Wednesday, January 23, 2013

PDE Recalculation of Charter School Achievement Shows Significant Decline




PDE Recalculation of Charter School Achievement Shows Significant Decline 
From PSBA January 22, 2012

As required by the U.S Department of Education (U.S. DOE), the Pennsylvania Department of Education (PDE) has recalculated the academic performance of charter schools for 2011-12, with the data showing a marked decline in the number of schools that met targets for Adequate Yearly Progress (AYP) and an increase in those charter schools that are in warning, improvement or corrective action status.The recalculations show that only 28% of all charter schools met AYP, as compared to 49% determined under the calculations made last fall. 
The recalculations affected 144 brick and mortar charter schools, and 12 cyber charter schools.  According to the recalculations released in January:
  • There are 34 fewer charter schools in total met AYP, dropping from 77 (49%) to 43 (28%).
  • No cyber charter schools met AYP.
  • There are 7 fewer charter schools that received a “Making Progress” designation.
  • There are 27 more charter schools that received a “Warning” designation. 
  • There are 9 more charter schools in either “Corrective Action I or II” under the recalculations.
For all charter schools (brick & mortar and cyber combined):           
AYP Status
(156 schools)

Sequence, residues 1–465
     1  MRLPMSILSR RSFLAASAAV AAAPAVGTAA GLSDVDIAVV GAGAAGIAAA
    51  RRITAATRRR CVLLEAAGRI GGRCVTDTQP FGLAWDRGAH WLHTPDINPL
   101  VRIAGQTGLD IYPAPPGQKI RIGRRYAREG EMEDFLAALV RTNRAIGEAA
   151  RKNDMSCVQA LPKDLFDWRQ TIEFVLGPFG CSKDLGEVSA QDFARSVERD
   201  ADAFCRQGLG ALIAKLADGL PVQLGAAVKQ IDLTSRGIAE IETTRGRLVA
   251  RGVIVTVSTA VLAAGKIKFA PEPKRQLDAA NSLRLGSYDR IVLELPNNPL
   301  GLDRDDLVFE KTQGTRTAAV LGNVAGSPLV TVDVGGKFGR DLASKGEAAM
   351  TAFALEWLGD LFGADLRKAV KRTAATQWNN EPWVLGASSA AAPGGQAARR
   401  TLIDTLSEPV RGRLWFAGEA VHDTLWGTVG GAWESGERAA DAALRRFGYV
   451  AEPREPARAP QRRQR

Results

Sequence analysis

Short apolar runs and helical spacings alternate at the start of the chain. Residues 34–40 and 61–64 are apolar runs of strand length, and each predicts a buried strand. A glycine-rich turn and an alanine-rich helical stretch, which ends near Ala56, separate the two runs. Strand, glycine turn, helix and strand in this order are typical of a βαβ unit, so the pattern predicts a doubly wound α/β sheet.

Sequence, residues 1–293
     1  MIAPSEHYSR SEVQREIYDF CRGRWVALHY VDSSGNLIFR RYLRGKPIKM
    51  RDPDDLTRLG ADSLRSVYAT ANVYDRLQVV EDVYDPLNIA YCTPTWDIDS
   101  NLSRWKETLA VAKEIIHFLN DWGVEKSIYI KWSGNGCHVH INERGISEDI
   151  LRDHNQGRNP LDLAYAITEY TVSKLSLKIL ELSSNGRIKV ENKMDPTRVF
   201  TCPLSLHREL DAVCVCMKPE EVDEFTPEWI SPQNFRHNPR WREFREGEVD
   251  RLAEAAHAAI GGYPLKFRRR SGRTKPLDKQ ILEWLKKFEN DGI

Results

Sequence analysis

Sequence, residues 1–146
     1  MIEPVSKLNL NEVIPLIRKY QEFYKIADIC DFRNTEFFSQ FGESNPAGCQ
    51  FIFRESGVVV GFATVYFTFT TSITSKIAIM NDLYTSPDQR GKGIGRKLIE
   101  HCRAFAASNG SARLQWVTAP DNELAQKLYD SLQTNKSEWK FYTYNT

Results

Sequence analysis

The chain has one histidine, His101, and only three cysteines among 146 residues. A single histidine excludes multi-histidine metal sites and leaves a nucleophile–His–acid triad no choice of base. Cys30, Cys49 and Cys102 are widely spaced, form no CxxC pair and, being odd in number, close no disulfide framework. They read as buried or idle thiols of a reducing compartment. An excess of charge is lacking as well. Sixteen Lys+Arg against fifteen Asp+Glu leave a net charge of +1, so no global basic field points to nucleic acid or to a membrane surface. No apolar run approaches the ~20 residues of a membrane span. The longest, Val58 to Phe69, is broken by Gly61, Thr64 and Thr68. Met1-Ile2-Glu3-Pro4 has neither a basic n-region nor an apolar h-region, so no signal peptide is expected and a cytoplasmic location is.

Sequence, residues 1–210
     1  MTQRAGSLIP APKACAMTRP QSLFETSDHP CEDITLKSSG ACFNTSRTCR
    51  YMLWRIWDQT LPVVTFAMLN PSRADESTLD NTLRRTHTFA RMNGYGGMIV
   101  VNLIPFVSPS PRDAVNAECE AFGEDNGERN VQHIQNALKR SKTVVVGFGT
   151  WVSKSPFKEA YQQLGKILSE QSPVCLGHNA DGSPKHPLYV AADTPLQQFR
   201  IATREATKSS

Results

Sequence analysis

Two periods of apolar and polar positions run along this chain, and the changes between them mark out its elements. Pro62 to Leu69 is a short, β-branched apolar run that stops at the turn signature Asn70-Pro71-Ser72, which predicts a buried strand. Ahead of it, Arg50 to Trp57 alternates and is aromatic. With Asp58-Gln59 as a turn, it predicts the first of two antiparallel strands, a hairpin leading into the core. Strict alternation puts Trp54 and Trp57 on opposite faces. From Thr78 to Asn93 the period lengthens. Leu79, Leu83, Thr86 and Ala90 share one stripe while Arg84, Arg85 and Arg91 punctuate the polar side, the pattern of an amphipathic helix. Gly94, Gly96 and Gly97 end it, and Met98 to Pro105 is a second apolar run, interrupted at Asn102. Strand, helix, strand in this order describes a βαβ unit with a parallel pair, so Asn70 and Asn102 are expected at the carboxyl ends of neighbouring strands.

January AYP Calculation, # of schools
Percentage of schools
September AYP Calculation, # of schools
Percentage of schools
Made AYP
43
28%
77
49%
Making Progress
8
5%
15
10%
Warning
61
39%
34
22%
School Improvement I
14
9%
10
6%
School Improvement II
5
3%
4
3%
Corrective Action I
4
3%
3
2%
Corrective Action II
21
13%
13
8%
For brick and mortar charter schools:           
AYP Status
(144 schools)
January AYP Calculation, # of schools
Percentage of schools
September AYP Calculation, # of schools
Percentage of schools
Made AYP
43
30%
76
53%
Making Progress
8
6%
13
9%
Warning
59
41%
33
23%
School Improvement I
12
8%
8
6%
School Improvement II
5
3%
4
3%
Corrective Action I
4
3%
3
2%
Corrective Action II
13
9%
7
5%
For cyber charter schools:           
AYP Status
(12 schools)
January AYP Calculation, # of schools
Percentage of schools
September AYP Calculation, # of schools
Percentage of schools
Made AYP
0
0%
1
8%
Making Progress
0
0%
2
17%
Warning
2
17%
1
8%
School Improvement I
2
17%
2
17%
School Improvement II
0
0%
0
0%
Corrective Action I
0
0%
0
0%
Corrective Action II
8
67%
6
50%
What happened last fall
      Last fall, PDE implemented a new way of determining whether charter schools have met student achievement milestones for AYP under the federal No Child Left Behind law. The new method was less stringent than the standards that must be met by traditional public schools, which until last fall were also applied to charter schools. Use of the more lenient method made it appear that more charter schools made AYP last year than was actually the case.
      PSBA had tracked the basis of the new approach to a very subtle change in the wording of Pennsylvania’s Accountability Workbook, the plan outlining the state’s NCLB accountability system that must be submitted to and approved by the U.S. DOE.  A request by PDE to calculate charter school AYP by the same method used for districts instead of traditional schools was submitted by the department to the U.S. DOE in late summer, but PDE went ahead with the calculation change without federal approval when it released 2012 AYP results in September.
      PSBA had submitted a formal letter of objection to the U.S. DOE in early October once it discovered the calculation change for charter schools had not been approved and was still under consideration. On Nov. 19, the U.S. DOE agreed with PSBA objection to charter school AYP and ordered PDE to recalculate results by end of fall semester.